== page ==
Wednesday, January 12, 2005

All About Orrin

Orrin Hatch, former Senate Judiciary committee chair, has a lengthy editorial in the National Review today arguing for a parliamentary rules change to end our current "political and constitutional crisis that undermines democracy, the judiciary, the Senate, and the Constitution."

He is referring here to the Senate Democrats' tactic of filibustering those judicial nominees they most object to. Like a lot of other prominent Republicans, Hatch is up in arms over the use of this (somewhat) unprecedented measure, calling it a deviation from the Senate's Constitutionally enumerated purpose of providing the President with "advice and consent" on his nominations. What Hatch doesn't tell us is that the Senate has always been red-lighting judicial nominees that enough Senators objected to, blocking their nominations through non-filibuster methods. The recent use of the filibuster is just a different (and if anything, less likely to succeed) means to the same ends.

What makes this editorial especially rich is the fact that it was Orrin Hatch himself who made the use of judicial filibusters inevitable. As the Washington Monthly points out, Hatch's repeated changes to Judiciary committee rules for short-term partisan gain have eliminated the traditional means by which Senators blocked judicial nominations. I'll excerpt the relevant history:

When Democrats were in power and Republicans were in the minority, senatorial courtesy prevailed in judicial nominations. For decades, the rule was this: if both senators from a judge's home state objected to (or "blue slipped") a nominee, he was out. But when Republicans took control of the Senate during the Clinton presidency, these rules no longer looked so good to them:

In 1998, for no special reason, Orrin Hatch decided that only one senator needed to object to a nomination. This made it easier for Republicans to obstruct Bill Clinton's nominees.


In 2001, when one of their own became president, Hatch suddenly reversed course and decided that it should take two objections after all. That made it harder for Democrats to obstruct George Bush's nominees.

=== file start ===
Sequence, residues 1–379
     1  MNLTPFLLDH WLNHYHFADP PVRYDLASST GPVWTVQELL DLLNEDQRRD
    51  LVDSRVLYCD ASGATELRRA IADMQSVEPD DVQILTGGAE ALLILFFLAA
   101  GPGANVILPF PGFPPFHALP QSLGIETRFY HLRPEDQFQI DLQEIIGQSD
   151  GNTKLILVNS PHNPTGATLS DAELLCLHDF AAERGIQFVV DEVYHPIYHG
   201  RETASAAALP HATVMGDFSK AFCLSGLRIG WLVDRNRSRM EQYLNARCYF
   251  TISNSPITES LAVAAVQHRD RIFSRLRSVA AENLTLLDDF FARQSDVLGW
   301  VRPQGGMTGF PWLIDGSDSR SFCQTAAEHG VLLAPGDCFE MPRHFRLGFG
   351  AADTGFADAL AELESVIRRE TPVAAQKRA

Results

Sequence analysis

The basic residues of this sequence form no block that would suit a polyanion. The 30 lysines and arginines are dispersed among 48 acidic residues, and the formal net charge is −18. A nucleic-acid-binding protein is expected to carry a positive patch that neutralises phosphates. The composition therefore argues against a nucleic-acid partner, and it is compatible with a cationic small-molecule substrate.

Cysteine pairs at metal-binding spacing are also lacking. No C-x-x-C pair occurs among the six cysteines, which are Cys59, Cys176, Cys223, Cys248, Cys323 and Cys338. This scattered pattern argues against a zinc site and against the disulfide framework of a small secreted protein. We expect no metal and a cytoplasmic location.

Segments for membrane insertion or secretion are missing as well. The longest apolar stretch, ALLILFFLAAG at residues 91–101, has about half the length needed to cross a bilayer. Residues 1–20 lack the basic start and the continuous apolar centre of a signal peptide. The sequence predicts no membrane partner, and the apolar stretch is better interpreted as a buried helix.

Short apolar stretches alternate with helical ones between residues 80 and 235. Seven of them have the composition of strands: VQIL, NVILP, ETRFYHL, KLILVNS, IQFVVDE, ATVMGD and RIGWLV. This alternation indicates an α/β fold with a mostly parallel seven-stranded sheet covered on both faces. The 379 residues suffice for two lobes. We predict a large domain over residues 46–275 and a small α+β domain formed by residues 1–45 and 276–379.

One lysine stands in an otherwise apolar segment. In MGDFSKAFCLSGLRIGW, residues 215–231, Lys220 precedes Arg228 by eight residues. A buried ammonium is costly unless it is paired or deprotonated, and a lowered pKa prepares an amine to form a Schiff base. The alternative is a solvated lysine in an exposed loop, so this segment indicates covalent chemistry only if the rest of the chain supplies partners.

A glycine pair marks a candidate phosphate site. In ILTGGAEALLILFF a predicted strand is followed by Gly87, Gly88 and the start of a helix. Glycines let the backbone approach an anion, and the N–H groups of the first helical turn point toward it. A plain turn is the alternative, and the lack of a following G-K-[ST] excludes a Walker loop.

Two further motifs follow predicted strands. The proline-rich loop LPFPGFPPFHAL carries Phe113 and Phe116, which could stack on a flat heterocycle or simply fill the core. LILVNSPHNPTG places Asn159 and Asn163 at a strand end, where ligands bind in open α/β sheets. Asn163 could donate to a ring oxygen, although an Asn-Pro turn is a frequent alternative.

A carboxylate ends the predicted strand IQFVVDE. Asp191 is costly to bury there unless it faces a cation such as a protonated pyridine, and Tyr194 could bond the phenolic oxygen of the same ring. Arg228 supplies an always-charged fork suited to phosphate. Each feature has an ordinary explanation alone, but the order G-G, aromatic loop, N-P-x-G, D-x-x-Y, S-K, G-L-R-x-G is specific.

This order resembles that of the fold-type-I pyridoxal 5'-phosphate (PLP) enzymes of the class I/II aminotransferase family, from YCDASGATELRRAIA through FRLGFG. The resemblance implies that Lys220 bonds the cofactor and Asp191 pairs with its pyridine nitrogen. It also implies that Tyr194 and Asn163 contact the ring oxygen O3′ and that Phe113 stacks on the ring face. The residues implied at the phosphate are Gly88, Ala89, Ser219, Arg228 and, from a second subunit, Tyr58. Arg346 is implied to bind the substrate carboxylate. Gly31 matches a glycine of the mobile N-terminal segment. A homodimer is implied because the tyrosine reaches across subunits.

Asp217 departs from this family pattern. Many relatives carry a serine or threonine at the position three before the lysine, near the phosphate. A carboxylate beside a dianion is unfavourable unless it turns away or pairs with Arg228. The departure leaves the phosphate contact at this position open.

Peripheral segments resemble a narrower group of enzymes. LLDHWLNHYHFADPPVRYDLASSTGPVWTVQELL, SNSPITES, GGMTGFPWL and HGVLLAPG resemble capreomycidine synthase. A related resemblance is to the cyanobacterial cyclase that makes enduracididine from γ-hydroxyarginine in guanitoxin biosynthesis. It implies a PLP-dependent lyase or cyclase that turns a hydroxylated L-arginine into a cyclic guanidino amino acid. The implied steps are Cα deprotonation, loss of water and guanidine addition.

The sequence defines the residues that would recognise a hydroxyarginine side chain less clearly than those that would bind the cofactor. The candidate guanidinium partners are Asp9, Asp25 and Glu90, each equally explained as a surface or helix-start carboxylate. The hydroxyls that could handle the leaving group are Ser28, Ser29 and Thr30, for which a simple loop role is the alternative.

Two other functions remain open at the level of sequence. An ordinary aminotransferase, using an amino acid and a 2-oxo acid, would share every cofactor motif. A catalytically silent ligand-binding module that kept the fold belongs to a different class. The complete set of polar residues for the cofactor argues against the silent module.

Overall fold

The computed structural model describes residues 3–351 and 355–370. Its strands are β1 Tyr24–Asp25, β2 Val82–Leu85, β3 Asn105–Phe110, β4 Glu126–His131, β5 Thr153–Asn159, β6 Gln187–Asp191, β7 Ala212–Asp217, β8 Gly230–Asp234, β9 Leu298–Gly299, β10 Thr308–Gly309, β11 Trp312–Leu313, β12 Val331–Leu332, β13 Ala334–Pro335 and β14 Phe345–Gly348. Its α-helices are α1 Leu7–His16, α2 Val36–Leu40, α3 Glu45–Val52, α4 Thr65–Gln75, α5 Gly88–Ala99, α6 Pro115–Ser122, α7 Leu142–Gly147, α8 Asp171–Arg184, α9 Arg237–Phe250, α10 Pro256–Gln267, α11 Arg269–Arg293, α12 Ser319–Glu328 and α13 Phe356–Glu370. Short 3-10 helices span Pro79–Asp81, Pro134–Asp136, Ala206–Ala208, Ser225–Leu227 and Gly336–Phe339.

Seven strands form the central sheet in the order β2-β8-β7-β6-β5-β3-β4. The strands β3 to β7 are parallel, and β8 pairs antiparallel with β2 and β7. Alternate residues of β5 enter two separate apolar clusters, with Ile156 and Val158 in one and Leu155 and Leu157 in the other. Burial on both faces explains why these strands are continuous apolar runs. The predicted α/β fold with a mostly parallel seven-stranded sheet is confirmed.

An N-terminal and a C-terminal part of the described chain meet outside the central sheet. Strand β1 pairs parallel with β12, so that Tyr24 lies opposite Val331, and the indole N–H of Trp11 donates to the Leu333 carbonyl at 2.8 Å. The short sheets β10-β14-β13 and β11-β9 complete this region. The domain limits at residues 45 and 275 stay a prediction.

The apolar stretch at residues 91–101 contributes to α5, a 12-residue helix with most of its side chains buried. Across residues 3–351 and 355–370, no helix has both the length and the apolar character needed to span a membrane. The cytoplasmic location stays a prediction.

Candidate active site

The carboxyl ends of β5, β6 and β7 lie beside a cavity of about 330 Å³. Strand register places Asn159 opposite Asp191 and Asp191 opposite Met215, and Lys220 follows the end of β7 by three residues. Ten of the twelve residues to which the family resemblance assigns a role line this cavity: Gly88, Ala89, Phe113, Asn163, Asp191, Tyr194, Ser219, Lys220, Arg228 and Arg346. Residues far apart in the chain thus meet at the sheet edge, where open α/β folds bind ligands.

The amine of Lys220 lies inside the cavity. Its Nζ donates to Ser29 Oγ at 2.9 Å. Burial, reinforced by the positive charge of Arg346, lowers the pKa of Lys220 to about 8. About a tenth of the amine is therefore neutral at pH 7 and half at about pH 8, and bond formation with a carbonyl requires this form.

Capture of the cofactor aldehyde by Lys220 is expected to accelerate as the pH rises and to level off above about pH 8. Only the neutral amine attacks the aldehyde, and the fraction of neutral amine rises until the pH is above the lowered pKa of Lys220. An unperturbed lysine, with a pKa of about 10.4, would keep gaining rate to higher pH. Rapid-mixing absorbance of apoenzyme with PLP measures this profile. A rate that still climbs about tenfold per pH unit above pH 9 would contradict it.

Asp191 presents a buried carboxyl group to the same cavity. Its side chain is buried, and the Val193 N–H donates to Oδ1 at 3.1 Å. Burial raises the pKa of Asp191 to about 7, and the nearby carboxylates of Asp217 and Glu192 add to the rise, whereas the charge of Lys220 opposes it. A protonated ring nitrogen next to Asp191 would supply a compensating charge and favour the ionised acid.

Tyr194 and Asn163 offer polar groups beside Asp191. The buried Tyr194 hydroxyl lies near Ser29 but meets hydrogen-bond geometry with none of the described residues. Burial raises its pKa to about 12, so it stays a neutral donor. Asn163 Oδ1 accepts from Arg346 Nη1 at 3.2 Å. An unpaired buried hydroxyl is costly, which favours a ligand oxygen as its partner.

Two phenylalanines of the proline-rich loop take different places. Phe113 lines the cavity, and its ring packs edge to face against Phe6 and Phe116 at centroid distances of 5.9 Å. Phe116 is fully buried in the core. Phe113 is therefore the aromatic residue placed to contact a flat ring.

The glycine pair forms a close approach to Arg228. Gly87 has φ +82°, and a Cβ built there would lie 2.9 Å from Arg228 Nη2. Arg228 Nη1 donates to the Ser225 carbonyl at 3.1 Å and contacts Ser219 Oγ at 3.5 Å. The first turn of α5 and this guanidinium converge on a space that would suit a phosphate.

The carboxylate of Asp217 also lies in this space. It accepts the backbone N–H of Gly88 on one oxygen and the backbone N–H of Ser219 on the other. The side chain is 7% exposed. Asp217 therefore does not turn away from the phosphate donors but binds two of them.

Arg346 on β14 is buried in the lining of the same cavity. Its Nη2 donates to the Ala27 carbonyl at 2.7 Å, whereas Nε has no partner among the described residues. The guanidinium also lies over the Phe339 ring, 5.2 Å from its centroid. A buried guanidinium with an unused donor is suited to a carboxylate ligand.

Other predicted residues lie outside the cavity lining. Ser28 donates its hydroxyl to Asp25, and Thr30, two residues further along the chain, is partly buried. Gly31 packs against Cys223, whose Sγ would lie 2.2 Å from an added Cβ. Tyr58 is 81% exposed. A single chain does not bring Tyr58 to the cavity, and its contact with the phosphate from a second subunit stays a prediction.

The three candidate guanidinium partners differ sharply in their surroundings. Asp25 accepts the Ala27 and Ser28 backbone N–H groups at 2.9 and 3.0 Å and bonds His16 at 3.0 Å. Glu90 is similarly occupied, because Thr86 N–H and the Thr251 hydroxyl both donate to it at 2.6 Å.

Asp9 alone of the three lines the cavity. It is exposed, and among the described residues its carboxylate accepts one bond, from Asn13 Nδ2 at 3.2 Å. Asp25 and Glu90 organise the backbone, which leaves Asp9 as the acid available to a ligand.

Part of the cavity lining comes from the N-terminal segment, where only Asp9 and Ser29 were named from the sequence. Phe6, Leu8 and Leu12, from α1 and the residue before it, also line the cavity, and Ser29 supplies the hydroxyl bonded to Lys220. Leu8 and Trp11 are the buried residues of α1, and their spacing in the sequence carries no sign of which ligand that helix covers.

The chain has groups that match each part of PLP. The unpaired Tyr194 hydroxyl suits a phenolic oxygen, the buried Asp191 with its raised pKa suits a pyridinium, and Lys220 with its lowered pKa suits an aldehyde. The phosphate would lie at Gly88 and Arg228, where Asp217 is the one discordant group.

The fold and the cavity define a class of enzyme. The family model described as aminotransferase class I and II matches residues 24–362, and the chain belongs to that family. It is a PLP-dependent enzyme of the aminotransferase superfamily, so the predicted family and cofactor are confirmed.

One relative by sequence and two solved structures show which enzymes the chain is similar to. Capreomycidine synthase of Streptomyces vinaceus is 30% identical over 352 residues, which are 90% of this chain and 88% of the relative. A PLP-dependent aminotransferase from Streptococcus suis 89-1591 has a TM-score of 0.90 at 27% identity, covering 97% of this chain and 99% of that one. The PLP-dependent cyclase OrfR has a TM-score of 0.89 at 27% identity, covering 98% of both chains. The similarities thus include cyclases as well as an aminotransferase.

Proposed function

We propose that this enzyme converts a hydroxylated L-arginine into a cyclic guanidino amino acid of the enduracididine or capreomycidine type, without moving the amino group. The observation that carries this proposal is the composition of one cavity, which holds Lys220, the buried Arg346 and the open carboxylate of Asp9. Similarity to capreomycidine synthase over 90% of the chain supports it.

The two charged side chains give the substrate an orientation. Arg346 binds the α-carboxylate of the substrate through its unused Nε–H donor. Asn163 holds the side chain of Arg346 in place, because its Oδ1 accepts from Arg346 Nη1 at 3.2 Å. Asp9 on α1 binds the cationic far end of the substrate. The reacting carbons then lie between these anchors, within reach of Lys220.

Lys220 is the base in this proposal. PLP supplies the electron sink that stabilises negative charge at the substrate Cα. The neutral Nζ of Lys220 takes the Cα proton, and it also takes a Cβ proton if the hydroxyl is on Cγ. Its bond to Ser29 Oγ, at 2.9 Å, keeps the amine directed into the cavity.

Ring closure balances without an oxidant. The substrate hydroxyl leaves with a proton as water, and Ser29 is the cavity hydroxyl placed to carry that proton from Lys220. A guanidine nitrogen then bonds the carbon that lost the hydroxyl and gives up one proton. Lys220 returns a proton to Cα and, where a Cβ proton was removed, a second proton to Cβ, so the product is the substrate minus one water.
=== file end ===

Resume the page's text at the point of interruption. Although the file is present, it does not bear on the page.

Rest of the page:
In early 2003, Hatch went even further: senatorial objections were merely advisory, he said. Even if both senators objected to a nomination, it would still go to the floor for a vote.


A few weeks later, yet another barrier was torn down: Hatch did away with a longtime rule that said at least one member of the minority had to agree in order to end discussion about a nomination and move it out of committee.

One thing I would like to stress is that the current state of the Senate's judicial proceedings in no way constitutes a crisis. In their own defense, the Senate Democrats cite the very pertinent fact that the Senate has confirmed 88% of Bush's nominations, the same percentage confirmed in Reagan's first four years, and a significant improvement over the 81% confirmed in Clinton's, or the 77% confirmed in H.W. Bush's. The Republican drive to get rid of the filibuster isn't about restoring "the Senate's historical practice" any more than it is about relieving the political crisis that doesn't exist. It's about solidifying one-party control of Congress, destroying Senate traditions and creating political crises in the process. Democrats owe it to themselves to make an issue of this.


At 9:05 AM, Anonymous Anonymous said...

This post was extremely well-written and well-argued. I appreciated the substantial evidence given to support the writer's claims. He does a good service by highlighting this issue and by calling our attention to an editorial in the National Review - an editorial which has passed by, unnoticed, by the average politically aware college student. I am reminded again that it is not enough just to read The New York Times and The Washington Post.

At 12:36 AM, Blogger Smythely said...

Another sanctimonious, disingenuous partisan hack oozing superiority and self-satisfaction, Hatch is one of the most repugnant nation-wreckers of the Grand Ole Pea-brains (and, as we all know, the competition is stiff). When it comes to moral posturing, only Joe Lieberman comes close to the distinguished Senator Hatch.

Considering Hatch's enthusiasm for moving the goal posts of legislative process, and the manner in which he smugly justifies his hypocritical actions by lying through his pearly whites with metaphysical prowess, one can only conclude Utah has just as many voting liars per capita as Texas.

And talk about projection. If Orrin doesn't get a cookie at bedtime, he cries constitutional crisis. Hell, he is a constitutional crisis. Hatch's spirited defense of Clarence Thomas and merciless villification of Anita Hill was quite the spectacle - and all anyone really needs to know about the complete absence of character in this well-coifed dirtbag.

Senator Hatch also looks very waxy on television, leading the Zang Brothers to conclude he's been leading an animated afterlife for well over a decade. We should send Barbara Boxer a wooden stake and a Wal-Mart sledgehammer. She's the only Democratic Senator with the guts to use it.


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